A very pretty Whatteau tea gown in light yellow, has points caught with a rosette on the train and the slight train falls from 8 rosettes between the shoulders. A charming little tea gown in rise pink Lilac silk has full front the silk circled with a quaint chain girdle and clasps of oxidized silver. Dainty dressing gowns, heaps of pretty lingerie, and a variety of headgear were among the wedding finer v displayed in the young bride’s pretty sitting room near the top of Sir Algernon’s high house in Piccadilly, the windows which command magnificent view over the green park.


Above in the picture: Lilias, Countess Bathurst

The most valuable piece from the collection of Countess Bathurst, is an early 20th Century Diamond Tiara, commissioned from Cartier by Lilias, Countess Bathurst (1871-1965).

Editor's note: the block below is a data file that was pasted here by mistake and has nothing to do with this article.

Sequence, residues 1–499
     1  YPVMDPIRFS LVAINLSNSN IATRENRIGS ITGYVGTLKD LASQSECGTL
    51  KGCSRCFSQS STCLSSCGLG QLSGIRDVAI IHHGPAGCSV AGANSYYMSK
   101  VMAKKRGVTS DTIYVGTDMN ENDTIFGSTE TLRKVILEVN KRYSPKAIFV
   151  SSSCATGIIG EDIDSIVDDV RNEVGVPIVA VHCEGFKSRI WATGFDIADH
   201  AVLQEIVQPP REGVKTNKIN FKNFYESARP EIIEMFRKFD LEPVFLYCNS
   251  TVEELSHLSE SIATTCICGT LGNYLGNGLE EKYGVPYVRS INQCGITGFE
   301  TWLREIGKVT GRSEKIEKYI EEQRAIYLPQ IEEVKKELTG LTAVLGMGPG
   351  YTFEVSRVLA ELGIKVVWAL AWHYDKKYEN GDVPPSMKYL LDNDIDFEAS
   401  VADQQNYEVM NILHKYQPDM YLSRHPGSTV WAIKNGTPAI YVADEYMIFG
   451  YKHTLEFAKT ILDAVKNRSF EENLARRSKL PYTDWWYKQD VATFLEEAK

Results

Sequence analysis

Made from  old and rose-cut diamonds, silver and gold, (circa 1910) the stones were taken from two tiaras,  Countess Bathurst inherited from her mother Lady Glenesk.

The tiara and the preceding corsage brooch, is the epitome of aristocratic splendor and the delicate Belle Époque scrolling motifs were inspired by 18th century architectural details.

Compared to many Victorian tiaras with their often heavy style of mounting and high surmounts this early 20th century example must have felt comparatively ethereal, and it is not surprising that Gloria Bathurst clearly enjoyed wearing it and was photographed wearing this beautiful head ornament on various grand occasions.


Lilias Countess of Bathurst | Cartier Diamond Stomacher and Cartier Diamonds Tiara | Nobel Diamonds & Royal Jewel History

Countess of Bathurst | Gloria Bathurst |Royal Gifts | Nobel Heirlooms Diamonds & Royal Jewel History

Lilias Countess of Bathurst | Natural Pearl and Diamond Tiara | Important Pearls, Diamonds & Royal Jewel History

Lilias Countess of Bathurst | Queen Anne Pearl Necklace | Historic Natural Pearl | Nobel Diamonds & Royal Jewel History

Lilias Countess of Bathurst | Diamond Brooch of large Diamonds| Nobel Diamonds & Royal Jewel History